I just returned from a week-long excursion to Vancouver Island in Canada.
I very much enjoy traveling to our health-care loving neighbor to the north, and not just because I have NEXUS (which can make the crossing much easier), but because it is a beautiful part of the world, especially the west coast, which is like Portland and Seattle only more epic.
But one aspect that this area of Canada shares with Portland is that it gets cold and wet as a matter of routine.
And so what does one do when in this situation? Head to a store and buy a bath bomb, of course. (Priorities, people.)
And while at the checkout counter, bath bomb in hand, I was asked a question by the payment machine itself: Pay in Canadian dollars, or pay in U.S. dollars?
It turns out that even the proprietor didn’t know what the best answer was.
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When you travel to a country that uses a different currency system, you obviously need to pay in that currency. (A good counterexample is the Euro, which at the time of writing has at least 20 countries that all use the same currency. So a transaction in Italy will be the same as in France.)
Your money comes from a bank in your home country in your native currency, so a conversion needs to take place. Where does the conversion happen?
It turns out that there are two places the conversion can happen:
- By the merchant at the point of sale
- By your account (bank / credit card company)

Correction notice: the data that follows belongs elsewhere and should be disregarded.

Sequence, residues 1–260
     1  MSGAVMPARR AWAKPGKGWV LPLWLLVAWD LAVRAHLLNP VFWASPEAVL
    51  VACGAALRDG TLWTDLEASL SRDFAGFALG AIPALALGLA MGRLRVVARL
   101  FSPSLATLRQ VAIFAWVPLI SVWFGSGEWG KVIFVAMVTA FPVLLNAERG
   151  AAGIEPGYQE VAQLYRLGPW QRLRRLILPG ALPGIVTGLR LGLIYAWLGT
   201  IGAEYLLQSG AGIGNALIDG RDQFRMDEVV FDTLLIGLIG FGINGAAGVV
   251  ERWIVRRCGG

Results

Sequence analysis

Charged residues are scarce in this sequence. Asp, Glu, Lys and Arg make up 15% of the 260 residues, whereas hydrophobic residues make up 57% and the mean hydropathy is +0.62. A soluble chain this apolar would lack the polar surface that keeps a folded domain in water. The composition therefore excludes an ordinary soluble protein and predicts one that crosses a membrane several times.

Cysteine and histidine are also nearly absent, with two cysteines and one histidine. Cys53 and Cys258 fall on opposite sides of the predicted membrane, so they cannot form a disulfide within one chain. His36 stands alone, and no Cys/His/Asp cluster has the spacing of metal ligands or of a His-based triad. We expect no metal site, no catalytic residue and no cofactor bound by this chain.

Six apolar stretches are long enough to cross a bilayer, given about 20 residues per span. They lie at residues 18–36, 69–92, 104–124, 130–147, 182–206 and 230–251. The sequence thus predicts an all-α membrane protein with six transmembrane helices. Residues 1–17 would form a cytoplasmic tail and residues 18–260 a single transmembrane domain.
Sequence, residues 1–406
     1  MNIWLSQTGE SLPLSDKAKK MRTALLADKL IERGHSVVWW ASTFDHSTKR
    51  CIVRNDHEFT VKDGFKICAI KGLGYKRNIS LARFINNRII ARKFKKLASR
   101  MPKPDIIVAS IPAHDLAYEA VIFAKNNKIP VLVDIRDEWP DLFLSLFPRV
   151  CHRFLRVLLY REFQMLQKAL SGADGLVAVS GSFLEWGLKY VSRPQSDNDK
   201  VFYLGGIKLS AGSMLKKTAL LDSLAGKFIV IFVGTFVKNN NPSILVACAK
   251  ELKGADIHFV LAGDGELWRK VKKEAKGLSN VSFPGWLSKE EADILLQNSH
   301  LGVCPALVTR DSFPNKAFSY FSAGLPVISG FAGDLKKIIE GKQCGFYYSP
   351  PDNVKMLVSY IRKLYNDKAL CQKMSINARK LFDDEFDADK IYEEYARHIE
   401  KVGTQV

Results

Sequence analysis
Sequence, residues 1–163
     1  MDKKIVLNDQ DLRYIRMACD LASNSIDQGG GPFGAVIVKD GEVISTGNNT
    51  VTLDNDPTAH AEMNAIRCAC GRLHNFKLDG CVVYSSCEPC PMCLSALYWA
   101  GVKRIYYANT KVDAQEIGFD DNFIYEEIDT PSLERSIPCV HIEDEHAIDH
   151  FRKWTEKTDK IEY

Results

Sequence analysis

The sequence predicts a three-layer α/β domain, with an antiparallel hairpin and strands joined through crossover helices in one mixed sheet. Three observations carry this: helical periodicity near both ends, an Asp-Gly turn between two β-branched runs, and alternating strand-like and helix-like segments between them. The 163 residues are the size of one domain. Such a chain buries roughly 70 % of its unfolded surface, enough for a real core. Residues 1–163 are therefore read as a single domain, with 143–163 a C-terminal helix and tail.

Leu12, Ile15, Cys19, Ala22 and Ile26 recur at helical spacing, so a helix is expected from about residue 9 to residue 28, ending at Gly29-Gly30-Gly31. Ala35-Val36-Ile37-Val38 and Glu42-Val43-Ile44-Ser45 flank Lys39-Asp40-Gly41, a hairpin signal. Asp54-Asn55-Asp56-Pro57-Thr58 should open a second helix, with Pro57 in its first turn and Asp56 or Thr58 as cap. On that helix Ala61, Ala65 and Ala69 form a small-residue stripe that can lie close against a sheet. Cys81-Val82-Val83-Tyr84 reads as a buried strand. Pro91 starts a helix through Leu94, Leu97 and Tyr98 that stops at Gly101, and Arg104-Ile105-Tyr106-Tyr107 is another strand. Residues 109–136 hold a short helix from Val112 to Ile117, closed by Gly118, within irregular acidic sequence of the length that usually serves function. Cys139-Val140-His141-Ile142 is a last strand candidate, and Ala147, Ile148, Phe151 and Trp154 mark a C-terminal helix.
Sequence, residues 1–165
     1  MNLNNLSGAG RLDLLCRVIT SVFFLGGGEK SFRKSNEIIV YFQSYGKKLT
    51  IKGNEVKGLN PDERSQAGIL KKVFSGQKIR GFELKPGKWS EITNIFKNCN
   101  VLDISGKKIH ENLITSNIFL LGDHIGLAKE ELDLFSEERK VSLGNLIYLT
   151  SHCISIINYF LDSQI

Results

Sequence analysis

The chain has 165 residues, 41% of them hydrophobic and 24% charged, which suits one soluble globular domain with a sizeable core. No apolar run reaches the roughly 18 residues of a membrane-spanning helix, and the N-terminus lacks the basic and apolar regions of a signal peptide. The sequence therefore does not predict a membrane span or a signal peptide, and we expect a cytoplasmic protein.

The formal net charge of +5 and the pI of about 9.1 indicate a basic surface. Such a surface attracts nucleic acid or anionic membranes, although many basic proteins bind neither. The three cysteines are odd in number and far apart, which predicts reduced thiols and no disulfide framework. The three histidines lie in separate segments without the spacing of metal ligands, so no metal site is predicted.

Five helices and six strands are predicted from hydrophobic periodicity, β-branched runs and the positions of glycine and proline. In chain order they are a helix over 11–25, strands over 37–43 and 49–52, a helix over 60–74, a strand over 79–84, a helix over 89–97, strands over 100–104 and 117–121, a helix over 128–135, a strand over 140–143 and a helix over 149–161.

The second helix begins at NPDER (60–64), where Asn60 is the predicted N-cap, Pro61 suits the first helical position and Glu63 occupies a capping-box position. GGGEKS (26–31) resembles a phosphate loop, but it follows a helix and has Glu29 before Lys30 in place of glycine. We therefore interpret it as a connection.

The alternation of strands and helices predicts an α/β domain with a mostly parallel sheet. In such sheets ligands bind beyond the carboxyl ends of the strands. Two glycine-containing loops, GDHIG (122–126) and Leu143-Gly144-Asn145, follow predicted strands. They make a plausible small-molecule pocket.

If you choose #1, this means that you pay in your home currency when you make the purchase. So if you’re from the U.S., you select the button that says “pay in USD”.
And this is the option that the proprietor said she had been steering her American patrons to. She said it was always better to pay in your home currency.
But that’s not true.
Conversion at the POS
You see, when you pay at the point of sale, you have to undergo what is known as Dynamic Currency Conversion (DCC). This is done by a third party service, not by the merchant.
Do you think DCC is free? Of course not. Who do you think pays for this service? Of course: you pay for it.
So if you buy something for 10 CAD, but you choose the USD option, DCC takes effect, which can charge you by taking a percentage cut.
Are you going to sit there and do the math? Of course not. And that, as they say, is “how they get you”.
The proprietor didn’t know about this. Most people don’t.
Conversion by the bank
If you pay in the local currency, your bank or credit card company will need to do the conversion.
You may or may not get charged for this. Many credit cards have “foreign transaction fees” (FTFs) which charge you when you purchase something in a different currency. The industry standard charge is 3%, though some cards charge more or less. (My credit union debit card charges me 1%.)
Some cards offer “no foreign transaction fees”, which means this fee is waived. So if you pay in the local currency, you will get charged nothing extra.
The proprietor thought that all cards had foreign transaction fees, which is why she always recommended option #1.
So what to do?
So based on the above, here’s what I suggest:
- If you have a card with no foreign transaction fees, pay with this card and choose the local currency.
- If you don’t have a card with no foreign transaction fees, pay with a card that has the lowest fees, and choose the local currency.
In other words, I’d always recommend choosing local currency.
Is it possible that the DCC might be less than the FTF? Yes. Is it possible that it could be more? Yes. Do you want to sit around and find out? No. It’s better to work with the known and predictable.
Is it worth getting a card with no foreign transaction fees just to save on this type of purchase? In general, no, because these cards almost always have annual fees that dwarf any potential savings.
A 3% difference isn’t all that much, and isn’t really worth worrying too much about unless you’re making big purchases. But if you can avoid getting charged, wouldn’t you want to? This logic doesn’t seem very fizzy to me.
But enough about me. How do you pay for purchases when going abroad?